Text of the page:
Scientists are not perfect.  In fact, they may make just as many mistakes as you do at school!  However, they keep going back to make sure that they do not make the same mistake again.  One of the biggest mistakes scientists can make has to do with the conservation of mass, which says that the amount of stuff in the world always stays the same.  This means when they do a test, they have to keep track of every last little atom that they cannot even see.  It is not easy.


Everything around you is made of stuff.  Your books, your eyes, the light coming off of this screen.  Wave your hand through the air.  That's also stuff!  Mass is how much stuff, or matter, is in one thing.  Something can have a lot of stuff packed in tightly, like in a rock.  Something else can have very little stuff, with lots of space in between, like in a sponge.  Mass means the number of atoms that are in something and how close they are to each other.  This is a matter of counting.  Easy, right?  No mistakes so far.

OK, who wants to count the holes in this sponge with me!


Mass is different from something's weight.  A sponge and a rock may take up the same amount of space, but that does not mean that they weigh the same.  Weight means how much gravity is pulling on something.  The best way to remember the difference is that the weight of something can change while its mass will stay the same (so long as it all stays together).  If you take a very big rock up into space, you would be able to lift it because gravity is no longer pulling down on it as much.  The next time you want to show off, take someone into space and show them how you can lift a heavy rock.  They will be very amazed that you could take them into space.  Still no mistakes?  Good.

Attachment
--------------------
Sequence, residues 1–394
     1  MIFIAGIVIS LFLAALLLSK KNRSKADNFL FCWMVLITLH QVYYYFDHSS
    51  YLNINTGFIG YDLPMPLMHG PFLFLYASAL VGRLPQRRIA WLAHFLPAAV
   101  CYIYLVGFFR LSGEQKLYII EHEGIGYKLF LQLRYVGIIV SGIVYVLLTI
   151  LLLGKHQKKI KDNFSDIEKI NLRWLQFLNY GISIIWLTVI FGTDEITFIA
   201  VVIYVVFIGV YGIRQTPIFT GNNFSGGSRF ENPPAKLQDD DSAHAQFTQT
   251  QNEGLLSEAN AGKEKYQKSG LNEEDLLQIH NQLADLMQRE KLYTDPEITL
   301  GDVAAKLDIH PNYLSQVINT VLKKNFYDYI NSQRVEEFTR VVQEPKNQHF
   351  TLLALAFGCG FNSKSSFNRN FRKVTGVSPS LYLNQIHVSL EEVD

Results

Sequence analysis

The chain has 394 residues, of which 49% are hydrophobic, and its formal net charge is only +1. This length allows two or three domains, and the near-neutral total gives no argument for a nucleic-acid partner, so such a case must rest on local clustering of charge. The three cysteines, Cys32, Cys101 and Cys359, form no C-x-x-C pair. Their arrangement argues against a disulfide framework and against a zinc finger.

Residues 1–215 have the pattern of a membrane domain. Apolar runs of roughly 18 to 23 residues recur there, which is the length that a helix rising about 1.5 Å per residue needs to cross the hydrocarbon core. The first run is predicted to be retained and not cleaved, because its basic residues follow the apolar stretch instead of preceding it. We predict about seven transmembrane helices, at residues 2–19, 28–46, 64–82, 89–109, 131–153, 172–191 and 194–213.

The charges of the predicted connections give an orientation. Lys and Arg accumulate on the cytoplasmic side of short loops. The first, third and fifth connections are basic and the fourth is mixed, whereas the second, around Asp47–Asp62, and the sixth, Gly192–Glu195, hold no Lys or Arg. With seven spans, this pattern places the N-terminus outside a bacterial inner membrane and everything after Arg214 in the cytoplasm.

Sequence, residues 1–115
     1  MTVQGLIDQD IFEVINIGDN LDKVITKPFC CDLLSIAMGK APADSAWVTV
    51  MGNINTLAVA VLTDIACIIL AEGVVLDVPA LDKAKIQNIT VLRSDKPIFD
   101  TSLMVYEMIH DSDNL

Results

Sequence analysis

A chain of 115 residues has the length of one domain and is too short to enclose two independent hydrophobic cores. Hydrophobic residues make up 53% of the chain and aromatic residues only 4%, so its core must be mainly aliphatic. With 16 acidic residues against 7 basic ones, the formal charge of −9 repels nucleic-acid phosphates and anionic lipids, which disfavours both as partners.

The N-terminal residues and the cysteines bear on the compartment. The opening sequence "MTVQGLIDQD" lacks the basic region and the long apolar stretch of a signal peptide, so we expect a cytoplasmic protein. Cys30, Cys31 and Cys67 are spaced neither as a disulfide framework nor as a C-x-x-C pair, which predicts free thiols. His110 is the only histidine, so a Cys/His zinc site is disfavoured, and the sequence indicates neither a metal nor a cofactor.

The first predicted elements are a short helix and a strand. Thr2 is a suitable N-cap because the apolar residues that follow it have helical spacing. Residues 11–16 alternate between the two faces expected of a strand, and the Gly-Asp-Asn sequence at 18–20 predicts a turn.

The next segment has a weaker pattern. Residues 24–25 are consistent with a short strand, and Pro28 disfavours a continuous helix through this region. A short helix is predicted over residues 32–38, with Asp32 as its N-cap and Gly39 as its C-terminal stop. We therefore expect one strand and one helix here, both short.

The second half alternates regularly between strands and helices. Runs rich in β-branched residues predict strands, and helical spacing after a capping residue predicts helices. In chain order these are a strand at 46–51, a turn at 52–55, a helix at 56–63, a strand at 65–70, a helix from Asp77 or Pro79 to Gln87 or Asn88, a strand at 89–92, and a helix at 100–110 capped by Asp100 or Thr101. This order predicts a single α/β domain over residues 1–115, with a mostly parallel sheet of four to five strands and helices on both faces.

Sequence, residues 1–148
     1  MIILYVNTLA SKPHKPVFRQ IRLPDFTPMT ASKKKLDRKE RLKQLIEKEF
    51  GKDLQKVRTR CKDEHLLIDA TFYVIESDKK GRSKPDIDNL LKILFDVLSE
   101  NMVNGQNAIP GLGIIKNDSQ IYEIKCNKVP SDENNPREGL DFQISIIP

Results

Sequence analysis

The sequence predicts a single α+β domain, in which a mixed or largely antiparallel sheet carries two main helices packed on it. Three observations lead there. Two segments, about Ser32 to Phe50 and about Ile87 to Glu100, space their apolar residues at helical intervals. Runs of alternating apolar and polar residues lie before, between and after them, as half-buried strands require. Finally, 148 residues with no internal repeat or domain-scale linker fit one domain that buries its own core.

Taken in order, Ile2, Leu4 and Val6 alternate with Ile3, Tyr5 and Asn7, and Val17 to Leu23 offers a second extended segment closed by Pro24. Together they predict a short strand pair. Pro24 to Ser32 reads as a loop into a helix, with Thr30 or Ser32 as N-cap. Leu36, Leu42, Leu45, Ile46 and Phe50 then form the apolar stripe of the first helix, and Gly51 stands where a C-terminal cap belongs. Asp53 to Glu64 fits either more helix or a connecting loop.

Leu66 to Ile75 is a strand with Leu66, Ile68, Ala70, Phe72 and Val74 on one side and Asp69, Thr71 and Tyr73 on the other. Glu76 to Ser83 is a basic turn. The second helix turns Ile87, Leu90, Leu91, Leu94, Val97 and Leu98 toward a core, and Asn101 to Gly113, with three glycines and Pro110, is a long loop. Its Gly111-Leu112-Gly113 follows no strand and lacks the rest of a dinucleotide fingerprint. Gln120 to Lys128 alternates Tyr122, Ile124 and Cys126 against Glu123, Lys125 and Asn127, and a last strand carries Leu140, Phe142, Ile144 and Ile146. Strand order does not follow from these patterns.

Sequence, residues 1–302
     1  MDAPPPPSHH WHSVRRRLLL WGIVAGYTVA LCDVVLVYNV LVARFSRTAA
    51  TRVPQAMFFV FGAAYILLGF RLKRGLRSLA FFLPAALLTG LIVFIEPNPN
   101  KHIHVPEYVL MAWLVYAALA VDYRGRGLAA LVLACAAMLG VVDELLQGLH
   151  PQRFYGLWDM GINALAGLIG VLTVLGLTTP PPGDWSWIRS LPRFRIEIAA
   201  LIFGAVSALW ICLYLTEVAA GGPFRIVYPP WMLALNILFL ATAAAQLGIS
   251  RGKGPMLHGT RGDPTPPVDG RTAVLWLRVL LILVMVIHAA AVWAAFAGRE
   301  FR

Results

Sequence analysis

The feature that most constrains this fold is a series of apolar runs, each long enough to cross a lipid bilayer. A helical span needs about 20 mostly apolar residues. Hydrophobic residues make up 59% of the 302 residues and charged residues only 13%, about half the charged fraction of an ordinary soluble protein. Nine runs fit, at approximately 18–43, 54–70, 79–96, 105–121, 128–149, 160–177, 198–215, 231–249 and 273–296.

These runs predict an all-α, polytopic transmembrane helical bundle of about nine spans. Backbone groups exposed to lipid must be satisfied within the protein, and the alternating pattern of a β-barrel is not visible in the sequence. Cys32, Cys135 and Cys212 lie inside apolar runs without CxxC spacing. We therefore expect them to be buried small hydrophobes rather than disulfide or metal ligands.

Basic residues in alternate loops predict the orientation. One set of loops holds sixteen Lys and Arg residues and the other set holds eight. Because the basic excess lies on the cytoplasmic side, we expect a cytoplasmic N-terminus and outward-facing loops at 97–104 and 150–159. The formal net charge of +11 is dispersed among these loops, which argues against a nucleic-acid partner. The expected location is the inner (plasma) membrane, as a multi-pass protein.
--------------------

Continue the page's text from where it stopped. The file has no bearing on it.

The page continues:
Count this guy in, he totally rocks!


Remember when you waved your hand through the air?  You feel something pushing back, right?  That's because air has mass and weight.  There are atoms floating all around you.  Even though they are very light, they are being pulled to Earth by gravity.  A gas is a bunch of atoms that are very spread out and have lots of energy and move all over the place.  Gases can bounce around and go in and out of different things all the time.  Plants will gain a very small amount of mass and lose a very small amount of mass because they take in and let out gas.  What you thought was staying just the same can be changing.  Looks like it's time for some mistakes.


The hard thing about gases is that they are very hard to track when scientists do tests.  When watching something react, they might think that the weight that goes into the test will be the same as what comes out.  This does not always happen!  You could start with a solid but get a gas and a liquid at the end, or it could be the other way around!  In tests, things freeze or melt and some parts can be lost as a gas.  This will make what you end up with weigh less than what you started with.  Human error is what can go wrong when people make small mistakes while doing tests.  Scientists can do other things besides forget about gases leaving the thing they're working on.  They can do little things like forget to weigh the glass that something is in or drop a hair into the test.  All the time when people test things, these little mistakes can change everything.

Wait, now did YOU remember to count the weight of the glass?


Ever wondered why scientists will do the same tests over and over and over again?  Mistakes.  That's why.  When thinking about so many other things, they might thing that the weight and mass of something will stay the same when it comes out the other side of the test.  They will not think about the gases that can get away or that little bit of peanut butter that fell out of someone's beard, changing everything.  Often, one of the biggest things we have to look out for in our science tests . . . is ourselves.



References:

Ducksters.  "Mass and Weight"  Ducksters, 2010.  <http://www.ducksters.com/science/physics/mass_and_weight.php>

Education.com.  "The Science of Human Error"  Education, 2011.  <http://www.education.com/science-fair/article/science-of-human-error/>